One of the best things a company can get in response to a job posting is an internal applicant, at least most of the time. What if that applicant is rejected for another, more qualified applicant? Well, a recent study by Harvard Business Review reveals that internal candidates who are rejected for an open job position are more likely to quit.
The study of 9,000 job candidates from over 100 Fortune 500 companies showed that 1 in 2 of those employees rejected when applying for an internal job was likely to quit.
What does that really mean to businesses, and what, if anything, can and should be done about it? Here are some of the key findings from the study and how you can reduce the likelihood that an internal candidate will leave.
First, it is important that businesses understand the benefits of internal applicants: they often know the quirks and culture of the company already and can fit into a new position and blend with a new team much more quickly as a result.
Depending on the position they are moving from, they might also have insights on the current direction of the company, and how their new role fits in with the larger picture. You’ll spend a lot less time handholding and bringing them up to speed. In fact, research shows that it takes 8-26 weeks for a new hire to reach full productivity depending on their position.
Not only that, but you can fill the position right away—no lengthy lunch or working interviews with external candidates. It also costs less, with no need to offer the premium you may need to pay external candidates. Even if everything goes smoothly, it will cost a business just over $4,000 to hire a new employee, and that process will take 42 days, or even longer.
Are there drawbacks? Sure. An external candidate may bring fresh eyes and a different viewpoint to the position and the company, and that can be invaluable. However, it depends on the position you are hiring for, and if you want the potential disruption that might bring.
But what if the internal candidate doesn’t have proven experience in the job they are applying for or the specific qualifications you are looking for?
The Harvard Business Review study also revealed that one way to cut down the likelihood a candidate would leave is simple: have the hiring manager interview them. Those interviewed by the hiring manager rather than just someone from HR are half as likely to stay with the company. While it might not be possible for a hiring manager to interview every internal candidate, it is a good idea for them to evaluate carefully who they interview and who gets passed over earlier in the process.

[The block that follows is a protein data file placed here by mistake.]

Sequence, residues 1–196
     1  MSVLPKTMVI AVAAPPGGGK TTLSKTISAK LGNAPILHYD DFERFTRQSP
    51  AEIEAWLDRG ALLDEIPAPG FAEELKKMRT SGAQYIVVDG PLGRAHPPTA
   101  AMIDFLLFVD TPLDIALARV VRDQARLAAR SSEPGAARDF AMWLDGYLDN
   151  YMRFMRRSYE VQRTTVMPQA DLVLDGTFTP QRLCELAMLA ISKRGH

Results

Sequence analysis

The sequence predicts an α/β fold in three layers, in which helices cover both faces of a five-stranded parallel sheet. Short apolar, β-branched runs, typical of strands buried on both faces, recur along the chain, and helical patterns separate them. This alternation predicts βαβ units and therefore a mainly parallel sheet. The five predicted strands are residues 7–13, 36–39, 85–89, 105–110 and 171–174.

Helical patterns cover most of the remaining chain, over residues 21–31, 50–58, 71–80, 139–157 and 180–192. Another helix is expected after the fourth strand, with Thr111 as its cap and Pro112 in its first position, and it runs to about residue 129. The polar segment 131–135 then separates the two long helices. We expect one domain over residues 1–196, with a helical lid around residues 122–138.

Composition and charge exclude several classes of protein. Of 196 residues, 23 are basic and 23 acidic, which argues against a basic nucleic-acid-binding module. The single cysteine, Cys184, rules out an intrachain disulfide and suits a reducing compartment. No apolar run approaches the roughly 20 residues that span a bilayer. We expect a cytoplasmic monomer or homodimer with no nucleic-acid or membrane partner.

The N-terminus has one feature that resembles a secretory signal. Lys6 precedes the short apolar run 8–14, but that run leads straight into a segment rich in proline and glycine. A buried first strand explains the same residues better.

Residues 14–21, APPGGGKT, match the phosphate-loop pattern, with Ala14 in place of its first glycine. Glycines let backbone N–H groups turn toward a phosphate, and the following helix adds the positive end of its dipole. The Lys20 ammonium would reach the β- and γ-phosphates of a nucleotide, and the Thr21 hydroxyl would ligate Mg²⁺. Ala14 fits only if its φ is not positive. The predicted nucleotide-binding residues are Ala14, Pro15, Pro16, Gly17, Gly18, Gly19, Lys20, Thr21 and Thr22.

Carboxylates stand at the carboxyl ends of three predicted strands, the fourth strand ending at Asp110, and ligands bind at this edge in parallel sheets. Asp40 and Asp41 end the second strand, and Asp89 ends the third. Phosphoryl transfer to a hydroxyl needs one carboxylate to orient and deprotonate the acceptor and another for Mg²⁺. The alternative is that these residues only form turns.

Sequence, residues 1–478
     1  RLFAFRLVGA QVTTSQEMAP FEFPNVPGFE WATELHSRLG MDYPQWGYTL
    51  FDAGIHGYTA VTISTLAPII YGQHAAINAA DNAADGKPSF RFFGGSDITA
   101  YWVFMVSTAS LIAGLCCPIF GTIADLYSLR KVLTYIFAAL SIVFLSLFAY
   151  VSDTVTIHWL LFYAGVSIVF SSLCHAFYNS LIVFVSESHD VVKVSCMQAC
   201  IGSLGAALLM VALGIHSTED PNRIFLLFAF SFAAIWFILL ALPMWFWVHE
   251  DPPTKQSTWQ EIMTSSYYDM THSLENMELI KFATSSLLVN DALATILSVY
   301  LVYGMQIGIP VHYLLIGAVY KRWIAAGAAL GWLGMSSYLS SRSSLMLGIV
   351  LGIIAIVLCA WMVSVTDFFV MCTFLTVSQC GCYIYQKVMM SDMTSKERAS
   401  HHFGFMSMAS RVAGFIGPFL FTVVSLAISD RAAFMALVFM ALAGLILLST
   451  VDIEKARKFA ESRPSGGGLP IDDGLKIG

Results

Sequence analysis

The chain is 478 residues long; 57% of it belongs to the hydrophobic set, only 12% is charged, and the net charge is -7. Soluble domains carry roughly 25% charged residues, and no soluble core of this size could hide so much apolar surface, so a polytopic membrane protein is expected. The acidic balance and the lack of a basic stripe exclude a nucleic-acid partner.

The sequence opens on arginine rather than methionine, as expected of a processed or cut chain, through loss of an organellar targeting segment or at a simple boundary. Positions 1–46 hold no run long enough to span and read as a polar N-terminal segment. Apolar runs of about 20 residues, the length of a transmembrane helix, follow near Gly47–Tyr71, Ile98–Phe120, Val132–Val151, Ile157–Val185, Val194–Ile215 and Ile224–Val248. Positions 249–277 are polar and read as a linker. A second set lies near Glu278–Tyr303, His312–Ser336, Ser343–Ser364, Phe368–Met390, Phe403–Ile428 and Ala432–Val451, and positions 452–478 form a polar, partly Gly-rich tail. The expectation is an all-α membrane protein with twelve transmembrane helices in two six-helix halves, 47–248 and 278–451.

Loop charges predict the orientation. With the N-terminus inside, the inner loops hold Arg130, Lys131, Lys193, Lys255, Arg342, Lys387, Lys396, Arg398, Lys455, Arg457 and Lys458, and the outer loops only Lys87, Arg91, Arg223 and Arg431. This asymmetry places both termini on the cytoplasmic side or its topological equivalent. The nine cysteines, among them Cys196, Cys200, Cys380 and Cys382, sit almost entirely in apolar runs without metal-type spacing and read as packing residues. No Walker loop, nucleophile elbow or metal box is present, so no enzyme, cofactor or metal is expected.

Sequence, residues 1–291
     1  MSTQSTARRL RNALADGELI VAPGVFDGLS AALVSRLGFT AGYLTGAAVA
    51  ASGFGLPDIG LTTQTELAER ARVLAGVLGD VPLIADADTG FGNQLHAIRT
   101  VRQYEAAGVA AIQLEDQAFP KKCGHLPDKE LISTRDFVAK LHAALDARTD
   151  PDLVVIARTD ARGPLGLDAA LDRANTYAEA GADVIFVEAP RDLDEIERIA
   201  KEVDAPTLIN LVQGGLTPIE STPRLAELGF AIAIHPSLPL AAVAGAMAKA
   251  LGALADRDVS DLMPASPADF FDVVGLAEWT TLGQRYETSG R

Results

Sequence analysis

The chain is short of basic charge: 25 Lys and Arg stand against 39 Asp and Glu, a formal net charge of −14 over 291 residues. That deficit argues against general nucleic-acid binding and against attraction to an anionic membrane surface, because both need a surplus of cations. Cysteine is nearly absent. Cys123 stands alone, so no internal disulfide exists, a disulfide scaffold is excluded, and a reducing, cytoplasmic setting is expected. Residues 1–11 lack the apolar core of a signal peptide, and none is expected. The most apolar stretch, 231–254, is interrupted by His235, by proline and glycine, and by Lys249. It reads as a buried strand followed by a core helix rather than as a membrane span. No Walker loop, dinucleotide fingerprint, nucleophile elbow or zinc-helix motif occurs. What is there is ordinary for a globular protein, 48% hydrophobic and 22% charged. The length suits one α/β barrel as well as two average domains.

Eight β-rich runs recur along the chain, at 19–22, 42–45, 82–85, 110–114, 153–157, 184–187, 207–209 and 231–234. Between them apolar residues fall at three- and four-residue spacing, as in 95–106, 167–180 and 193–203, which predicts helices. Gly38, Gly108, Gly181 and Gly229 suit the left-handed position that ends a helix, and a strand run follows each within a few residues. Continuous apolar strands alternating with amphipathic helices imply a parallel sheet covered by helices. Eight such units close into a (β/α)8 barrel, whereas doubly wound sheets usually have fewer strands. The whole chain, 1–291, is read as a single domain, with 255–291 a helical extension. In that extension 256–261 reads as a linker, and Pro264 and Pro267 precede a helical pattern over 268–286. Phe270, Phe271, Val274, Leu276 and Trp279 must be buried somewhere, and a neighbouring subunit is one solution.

For example, maybe someone from your finance department applies for a job in research and analytics. While the hiring manager may not want to hire someone without relevant experience, knowing they are more likely to quit if they are not interviewed might be enough reason to at least sit down with them.
Second, you might be surprised at the “hidden experience” or talent that employee has and discovering it in an interview before they leave can have huge benefits.
The other thing employees look at when they are rejected is who got the position they were applying for. If an internal candidate was hired, they are less likely to leave than if they were passed over for an external candidate. This is because they can see that while they did not get selected for the current job opening, hiring internally is important to the company.
But even if they lack the skills you are looking for, there is another option for internal candidates.
That option is to offer training to reskill current employees to new positions in the company. In fact, many employees have transferrable “soft skills” that can bring real value to a new position. But as positions become obsolete and new jobs emerge, more companies are turning to reskilling current employees rather than hiring externally.
That’s not to say that putting a reskilling program in place is simple. Instead, it is a complex endeavor with a lot of moving parts, but many talent acquisition partners are working with companies to help them bridge the looming skills gap internally rather than externally.
This may not be an immediate solution for a rejected internal candidate, but it can point them toward a future with your company rather than another one.
To be successful this means developing a clear, internal career path employees understand from the start.
The truth is internal mobility programs are the future of talent acquisition. Keeping current employees just makes better economic sense and keeps employees more engaged. People change jobs more often than they ever have before, and many leave because of a lack of opportunity with their current company.
Having a clear internal career path and sharing that with your employees does a couple of things: first, it shows them where they can go without leaving your company. Second, they are less likely to apply for jobs “outside their lane” if they know there are opportunities in departments where they already have the skills they need.
Rejected internal candidates are twice as likely to leave their jobs, but you can take steps to prevent or at least mitigate that issue. Understand the value of your internal candidates, interview applicants when possible, especially key employees whose loss would seriously impact operations.
Finally, look at reskilling current employees when possible, and outlining a clear career path for other employees to keep them engaged and vested in continuing their journey with your company. In the long run, the extra effort will be worth it.